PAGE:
The third student last week walked into their college’s MCR and found all the pins on a world map – intended for students mark their hometowns – which were ordinarily scattered around mainland China, had all been moved around Wuhan.

Speaking to Varsity, the student stressed “the map was intended to celebrate the diversity of the college and the international backgrounds of our members.”

But the incident left the student “utterly shocked”, and they strongly agreed with a statement made later by the MCR that this was a “clear reference to the ongoing coronavirus outbreak, which is causing irreparable pain to many families in China and across the world”.

In response to rising racist incidents in Cambridge, police told Varsity, “Cambridgeshire Constabulary does not tolerate hate crime” and urged those affected “to report all incidents” to them.


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“We have a diverse community in Cambridgeshire and we recognise that everyone should be allowed to live their lives free from harassment and the fear of hate crime.”

In a statement published on the University website on Tuesday, Vice Chancellor Stephen Toope urged students and staff “to remain respectful and supportive of those members of our community who, at what is already a time of heightened anxiety, may feel subjected to unfounded scrutiny”.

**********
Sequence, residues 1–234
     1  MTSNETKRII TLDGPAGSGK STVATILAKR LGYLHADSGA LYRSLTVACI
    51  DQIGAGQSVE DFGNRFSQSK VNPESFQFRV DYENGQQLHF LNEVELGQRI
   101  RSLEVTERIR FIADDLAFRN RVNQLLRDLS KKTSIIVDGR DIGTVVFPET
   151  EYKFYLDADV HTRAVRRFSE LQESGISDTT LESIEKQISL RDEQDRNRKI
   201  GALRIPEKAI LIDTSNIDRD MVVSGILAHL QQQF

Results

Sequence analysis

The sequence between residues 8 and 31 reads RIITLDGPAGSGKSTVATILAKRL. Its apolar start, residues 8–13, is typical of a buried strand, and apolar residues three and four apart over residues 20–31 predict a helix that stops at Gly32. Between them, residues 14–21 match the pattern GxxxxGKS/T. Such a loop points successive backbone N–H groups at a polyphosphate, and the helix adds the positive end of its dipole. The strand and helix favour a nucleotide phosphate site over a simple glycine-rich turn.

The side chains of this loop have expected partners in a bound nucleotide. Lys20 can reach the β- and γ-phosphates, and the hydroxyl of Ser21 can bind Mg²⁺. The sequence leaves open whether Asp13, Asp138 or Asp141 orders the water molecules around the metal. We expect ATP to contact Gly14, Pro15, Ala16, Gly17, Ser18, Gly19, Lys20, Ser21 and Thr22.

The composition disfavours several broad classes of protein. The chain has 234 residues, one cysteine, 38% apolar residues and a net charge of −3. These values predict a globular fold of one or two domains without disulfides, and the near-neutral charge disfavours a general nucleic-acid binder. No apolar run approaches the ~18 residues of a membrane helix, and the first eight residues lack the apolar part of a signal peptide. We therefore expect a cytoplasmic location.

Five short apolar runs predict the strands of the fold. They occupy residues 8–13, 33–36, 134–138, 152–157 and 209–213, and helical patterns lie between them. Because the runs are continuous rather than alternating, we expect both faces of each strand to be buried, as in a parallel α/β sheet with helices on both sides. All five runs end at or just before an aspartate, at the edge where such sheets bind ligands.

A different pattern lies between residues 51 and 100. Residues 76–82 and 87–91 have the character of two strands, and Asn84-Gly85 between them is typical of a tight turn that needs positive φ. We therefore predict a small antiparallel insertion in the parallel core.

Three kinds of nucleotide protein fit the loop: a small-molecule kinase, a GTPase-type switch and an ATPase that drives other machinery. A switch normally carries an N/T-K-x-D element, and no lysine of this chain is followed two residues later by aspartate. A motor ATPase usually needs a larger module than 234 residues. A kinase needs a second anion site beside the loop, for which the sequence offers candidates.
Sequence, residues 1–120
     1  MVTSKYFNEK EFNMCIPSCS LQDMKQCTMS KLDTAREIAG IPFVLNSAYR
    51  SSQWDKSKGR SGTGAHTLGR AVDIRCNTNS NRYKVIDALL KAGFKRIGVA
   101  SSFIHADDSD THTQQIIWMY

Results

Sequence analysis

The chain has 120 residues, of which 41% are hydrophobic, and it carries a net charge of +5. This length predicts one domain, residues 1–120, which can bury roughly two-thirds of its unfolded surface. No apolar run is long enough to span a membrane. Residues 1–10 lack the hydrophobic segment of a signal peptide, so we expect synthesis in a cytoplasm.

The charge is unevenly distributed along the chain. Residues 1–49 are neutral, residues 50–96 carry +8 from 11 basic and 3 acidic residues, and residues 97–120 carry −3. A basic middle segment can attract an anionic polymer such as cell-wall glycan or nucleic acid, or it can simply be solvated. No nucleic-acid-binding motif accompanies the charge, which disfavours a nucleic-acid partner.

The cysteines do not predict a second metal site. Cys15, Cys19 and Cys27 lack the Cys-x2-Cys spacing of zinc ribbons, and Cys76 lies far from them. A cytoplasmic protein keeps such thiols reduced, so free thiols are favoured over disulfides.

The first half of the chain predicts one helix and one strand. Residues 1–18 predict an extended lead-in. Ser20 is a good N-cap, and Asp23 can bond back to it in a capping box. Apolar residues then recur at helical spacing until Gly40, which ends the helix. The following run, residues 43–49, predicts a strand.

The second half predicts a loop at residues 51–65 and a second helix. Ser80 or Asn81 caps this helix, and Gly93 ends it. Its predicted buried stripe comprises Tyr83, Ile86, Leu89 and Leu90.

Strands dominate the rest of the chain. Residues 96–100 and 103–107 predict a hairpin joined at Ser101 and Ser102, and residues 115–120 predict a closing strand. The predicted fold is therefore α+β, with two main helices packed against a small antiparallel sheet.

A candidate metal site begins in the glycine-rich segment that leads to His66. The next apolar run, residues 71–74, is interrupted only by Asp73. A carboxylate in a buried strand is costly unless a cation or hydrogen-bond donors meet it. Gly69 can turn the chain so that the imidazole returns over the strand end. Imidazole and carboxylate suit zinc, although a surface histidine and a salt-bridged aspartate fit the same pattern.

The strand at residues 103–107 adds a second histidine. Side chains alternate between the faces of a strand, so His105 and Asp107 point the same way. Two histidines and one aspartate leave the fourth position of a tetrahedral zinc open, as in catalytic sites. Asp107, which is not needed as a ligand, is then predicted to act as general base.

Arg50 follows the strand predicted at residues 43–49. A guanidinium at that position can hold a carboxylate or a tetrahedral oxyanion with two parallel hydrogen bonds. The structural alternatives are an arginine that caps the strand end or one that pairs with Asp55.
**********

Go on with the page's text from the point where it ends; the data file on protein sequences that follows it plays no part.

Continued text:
Cambridge Programmes, a summer school hosted in Churchill and Fitzwilliam colleges, which takes children aged 11-17 from around the world, has cancelled this year’s programme following the WHO’s announcement of a global health emergency.

“Ensuring safety is on the forefront of our minds”, Cambridge Programme’s Director and Founder Rebecca Clarke told Varsity. “We’re not just a commercial organisation... it’s not right to carry on [given the rapid spread of the virus].”

Clarke stressed how the decision to cancel was best “for everybody”, and emailed the decision last week to around 100 applicants who had applied to take part in the course, as well as to 30-40 Cambridge students who usually act as mentors for the two-week programmes.

“We need to be worried,” Clarke emphasised, urging it was “nonsense not to take a decision”. Though the course has a large Chinese intake, it also hosts children from countries such as Australia, and Clarke noted she refuses to consider restricting applications just from East Asian countries alone.

Other summer schools such as the smaller Granta Academy, are yet to make a decision on cancellation and are waiting to hear from their Chinese agency partners.

Programme Director Martin Browne told Varsity the summer school may lose up to half its intake this year, from China, as the Chinese government looks to push forward summer holidays by a month, meaning children could no longer attend the programme.

In the meantime, his colleague and former Programme Director Adam Schumacher claimed the Academy is taking “every single precaution” in dealing with the issue.

The University and colleges this week issued renewed guidance on the coronavirus, urging all students and staff recently returning from the Chinese Hubei province, the virus’s epicentre, to self-isolate and call 111 whether or not they display symptoms.

Those who arrived in the UK in the past two weeks from mainland China, Taiwan, Thailand, Japan, Republic of Korea, Hong Kong, Singapore, Malaysia, or Macau are advised to do the same if they display symptoms.